Yahoo Overhauls Flickr, Provides All Users With 1TB Free Storage
Yahoo on Monday unveiled a revamped version of its Flickr photo-sharing site, a new Android app, and announced that it will provide every Flickr user with 1 terabyte of free storage.
On the heels of its $1.1 billion acquisition of Tumblr this morning, Yahoo also ditched its old Flickr interface for photos that fill the screen, scroll endlessly, and are - as CEO Marissa Mayer said at a New York press event - "heart-stoppingly beautiful."
Photos will be uploaded in full resolution, Mayer said. "When you upload [and] share your photos, you don't lose any fidelity," she said.
According to Adam Cahan, senior vice president of mobile and emerging products at Yahoo, Flickr had become about words, little images, and blue links. "Flickr really was not about the photo anymore," he said.
With the update, "we wanted to bring together a photo-centric world," Cahan said.
Mayer said Flickr had "languished," but said the service is now "awesome again."
The new Android app, meanwhile, "allows your photos to be wherever," Mayer said. "Wherever you are ... you can upload and share your photos; Flickr works on all major platforms."
The updated app is similar to the iPhone app that Yahoo launched in December in that it "maintains your photos' original quality, so every image you take, edit, share, or view on your phone or tablet looks spectacular," Yahoo said.
The new app (below) is available now in the Google Play store.
None of this is particularly helpful, however, if you can't store a lot of photos. To that end, all Flickr users will now have 1TB of free storage. That, according to Cahan, will support 537,731 photos in full original quality.
When asked why Yahoo would want to offer that much storage, Cahan said that "we just wanted honestly, to say unlimited. We never want you to ever think about that."
Mayer said engineers are working furiously to make sure the Yahoo data centers can handle all those extra photos.
Mayer confirmed that the updates mean the end of Flickr Pro. "We didn't want to have Flickr Pro anymore" because everyone can create professional-level photos with today's camera technology, she said.
Those who need more, however, can purchase another terabyte of storage.
On the Tumblr acquisition, meanwhile, Mayer reiterated that she has no plans to change the blogging site right now. When asked if Yahoo plans to censor or remove the adult content on the platform, Mayer said "we don't intend to."
"Almost all" sites like Tumblr have "issues with adult content," Mayer said, and in some cases, Tumblr has less than its rivals. Community tools like the "NSFW" (not suitable for work) tag can help filter that type of material, so that "people who want it can find it, [and] those who don't" can avoid it, she said.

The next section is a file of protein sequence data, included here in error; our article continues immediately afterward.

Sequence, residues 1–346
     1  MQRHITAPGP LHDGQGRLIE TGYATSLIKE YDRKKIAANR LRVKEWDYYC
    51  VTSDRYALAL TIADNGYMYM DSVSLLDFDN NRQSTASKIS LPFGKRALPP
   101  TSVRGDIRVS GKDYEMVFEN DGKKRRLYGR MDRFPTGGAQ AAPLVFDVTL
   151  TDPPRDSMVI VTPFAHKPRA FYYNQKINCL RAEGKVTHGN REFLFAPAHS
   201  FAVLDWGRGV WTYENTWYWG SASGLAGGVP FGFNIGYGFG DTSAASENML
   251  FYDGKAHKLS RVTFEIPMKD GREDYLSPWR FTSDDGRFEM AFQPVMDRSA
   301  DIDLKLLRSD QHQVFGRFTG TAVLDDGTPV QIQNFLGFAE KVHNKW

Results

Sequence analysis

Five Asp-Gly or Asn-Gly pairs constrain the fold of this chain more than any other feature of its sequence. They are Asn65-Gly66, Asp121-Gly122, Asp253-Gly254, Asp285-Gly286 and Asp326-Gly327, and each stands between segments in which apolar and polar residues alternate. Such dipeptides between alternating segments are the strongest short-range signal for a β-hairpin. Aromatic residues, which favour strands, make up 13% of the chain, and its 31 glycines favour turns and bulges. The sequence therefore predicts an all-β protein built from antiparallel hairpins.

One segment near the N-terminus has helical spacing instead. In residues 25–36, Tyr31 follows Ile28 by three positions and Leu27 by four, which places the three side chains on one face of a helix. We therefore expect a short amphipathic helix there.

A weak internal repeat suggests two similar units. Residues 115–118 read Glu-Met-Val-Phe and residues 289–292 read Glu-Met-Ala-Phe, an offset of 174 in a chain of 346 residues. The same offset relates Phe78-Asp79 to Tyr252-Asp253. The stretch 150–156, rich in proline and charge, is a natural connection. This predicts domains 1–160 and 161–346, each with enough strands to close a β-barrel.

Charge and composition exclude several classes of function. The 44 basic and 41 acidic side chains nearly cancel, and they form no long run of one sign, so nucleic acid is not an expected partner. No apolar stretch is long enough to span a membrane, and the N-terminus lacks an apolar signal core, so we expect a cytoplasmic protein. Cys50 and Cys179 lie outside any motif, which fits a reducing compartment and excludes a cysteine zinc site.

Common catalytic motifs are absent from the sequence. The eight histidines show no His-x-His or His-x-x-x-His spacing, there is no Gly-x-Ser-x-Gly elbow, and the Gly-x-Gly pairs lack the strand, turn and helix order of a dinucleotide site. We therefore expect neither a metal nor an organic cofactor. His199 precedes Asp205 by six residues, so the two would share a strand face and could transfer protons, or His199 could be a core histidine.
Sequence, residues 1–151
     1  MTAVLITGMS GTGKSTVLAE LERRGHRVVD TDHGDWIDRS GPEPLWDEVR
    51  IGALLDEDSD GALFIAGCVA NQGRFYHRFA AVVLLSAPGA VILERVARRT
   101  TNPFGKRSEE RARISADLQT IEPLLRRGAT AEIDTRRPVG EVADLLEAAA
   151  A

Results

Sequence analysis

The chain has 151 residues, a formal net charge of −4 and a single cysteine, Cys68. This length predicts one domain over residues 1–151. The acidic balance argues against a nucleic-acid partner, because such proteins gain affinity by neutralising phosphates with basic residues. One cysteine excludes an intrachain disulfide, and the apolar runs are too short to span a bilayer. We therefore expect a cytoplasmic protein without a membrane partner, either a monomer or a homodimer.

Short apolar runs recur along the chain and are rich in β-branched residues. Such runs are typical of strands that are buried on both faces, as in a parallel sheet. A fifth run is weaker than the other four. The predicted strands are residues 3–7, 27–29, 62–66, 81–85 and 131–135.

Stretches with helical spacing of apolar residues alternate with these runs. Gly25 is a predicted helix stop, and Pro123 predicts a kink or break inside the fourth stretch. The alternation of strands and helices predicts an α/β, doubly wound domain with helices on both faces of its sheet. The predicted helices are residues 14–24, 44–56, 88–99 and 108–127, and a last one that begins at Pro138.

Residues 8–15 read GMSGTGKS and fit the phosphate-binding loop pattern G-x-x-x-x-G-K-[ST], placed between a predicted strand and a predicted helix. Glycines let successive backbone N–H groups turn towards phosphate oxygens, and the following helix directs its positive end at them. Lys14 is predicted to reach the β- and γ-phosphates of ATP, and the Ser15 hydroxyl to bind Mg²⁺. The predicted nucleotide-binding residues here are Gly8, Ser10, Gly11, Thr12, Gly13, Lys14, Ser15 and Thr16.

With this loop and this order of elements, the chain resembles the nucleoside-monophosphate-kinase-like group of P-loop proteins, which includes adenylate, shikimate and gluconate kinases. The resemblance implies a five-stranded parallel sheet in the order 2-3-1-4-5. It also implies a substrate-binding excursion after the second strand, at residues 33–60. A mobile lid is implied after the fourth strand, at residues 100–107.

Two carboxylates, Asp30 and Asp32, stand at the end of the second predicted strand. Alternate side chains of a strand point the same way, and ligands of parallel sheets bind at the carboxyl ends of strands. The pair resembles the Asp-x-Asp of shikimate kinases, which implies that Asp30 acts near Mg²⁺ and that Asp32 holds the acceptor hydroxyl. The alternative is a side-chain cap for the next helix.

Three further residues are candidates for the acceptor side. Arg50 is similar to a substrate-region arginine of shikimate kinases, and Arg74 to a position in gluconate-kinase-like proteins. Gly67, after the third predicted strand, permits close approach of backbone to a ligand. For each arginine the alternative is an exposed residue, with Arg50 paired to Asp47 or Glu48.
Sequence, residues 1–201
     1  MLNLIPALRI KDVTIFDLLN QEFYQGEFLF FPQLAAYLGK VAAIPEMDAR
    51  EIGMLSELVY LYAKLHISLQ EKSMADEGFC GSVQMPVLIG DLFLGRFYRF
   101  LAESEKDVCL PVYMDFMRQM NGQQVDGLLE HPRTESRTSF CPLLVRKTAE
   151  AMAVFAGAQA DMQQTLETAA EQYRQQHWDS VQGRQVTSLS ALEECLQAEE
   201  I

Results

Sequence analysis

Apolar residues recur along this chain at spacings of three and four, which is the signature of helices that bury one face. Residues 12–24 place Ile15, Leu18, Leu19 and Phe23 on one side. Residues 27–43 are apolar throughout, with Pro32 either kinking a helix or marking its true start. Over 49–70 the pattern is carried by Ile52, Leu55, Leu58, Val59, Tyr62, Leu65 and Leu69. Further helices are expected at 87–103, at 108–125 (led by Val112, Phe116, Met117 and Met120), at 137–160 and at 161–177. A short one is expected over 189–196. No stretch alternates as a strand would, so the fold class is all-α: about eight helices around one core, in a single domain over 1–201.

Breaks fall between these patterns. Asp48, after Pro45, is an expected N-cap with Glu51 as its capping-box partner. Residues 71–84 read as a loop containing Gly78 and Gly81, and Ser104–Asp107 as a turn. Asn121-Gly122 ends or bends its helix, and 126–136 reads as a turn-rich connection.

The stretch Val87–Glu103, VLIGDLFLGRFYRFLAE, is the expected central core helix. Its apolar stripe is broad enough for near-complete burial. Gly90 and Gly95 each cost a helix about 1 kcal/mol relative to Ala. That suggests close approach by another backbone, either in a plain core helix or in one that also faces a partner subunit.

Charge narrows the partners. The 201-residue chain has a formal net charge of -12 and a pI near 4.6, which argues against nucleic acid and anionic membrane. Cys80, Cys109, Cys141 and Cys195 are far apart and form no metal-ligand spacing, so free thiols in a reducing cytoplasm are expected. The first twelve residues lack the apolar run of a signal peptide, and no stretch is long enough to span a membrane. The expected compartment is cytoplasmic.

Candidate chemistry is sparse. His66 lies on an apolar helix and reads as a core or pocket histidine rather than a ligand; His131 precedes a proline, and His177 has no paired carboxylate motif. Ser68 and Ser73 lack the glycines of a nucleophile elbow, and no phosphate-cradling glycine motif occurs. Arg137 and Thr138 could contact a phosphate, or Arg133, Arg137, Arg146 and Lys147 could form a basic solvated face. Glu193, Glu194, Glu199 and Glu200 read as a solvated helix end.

Tumblr will remain at its New York City headquarters. But Yahoo has also signed a lease for an office at 229 West 43rd St., which used to be home to the New York Times. Yahoo will have all 500 of its New York area employees in that building, with room for 200 more.
Google Merges Free Drive, Gmail Storage to 15GB
Google today unified the storage limits for Gmail and Google Drive, giving users 15GB of free storage across both products.
Now instead of having a 10GB limit on Gmail and 5GB on Google Drive and Google+ Photos, users get 15GB overall.
"With this new combined storage space, you won't have to worry about how much you're storing and where," Google wrote in a blog post. "For example, maybe you're a heavy Gmail user but light on photos, or perhaps you were bumping up against your Drive storage limit but were only using 2GB in Gmail. Now it doesn't matter, because you can use your storage the way you want."
To keep track of how much you're using, Google will update its Google Drive storage page, which will let you hover over a pie chart to see how much storage you're using across Google's products (above).
The change will be rolling out over the next few weeks, Google said. The move also applies to Google Apps users, who get 30GB of unified storage.
If you still need more space, you can buy an extra 25GB for $2.49 per month or 100GB for $4.99 per month to start - and go all the way up to 16TB for $799.99 per month.
Amazon Launches Cloud Drive Photos App for iOS
Heads up, snap-happy iPhone users. If you take a lot of photos on your phone, and they're starting to take up too much space, then Amazon has a solution for you.
The Web giant this week launched its Cloud Drive Photos app for iOS devices. The app, which has been available for Android since November, lets you securely store thousands of photos taken with your device in the Amazon Cloud for easy access. Users get 5GB of storage for free, before having to pay for additional storage. Prices for extra storage start at $10 a year for 20GB.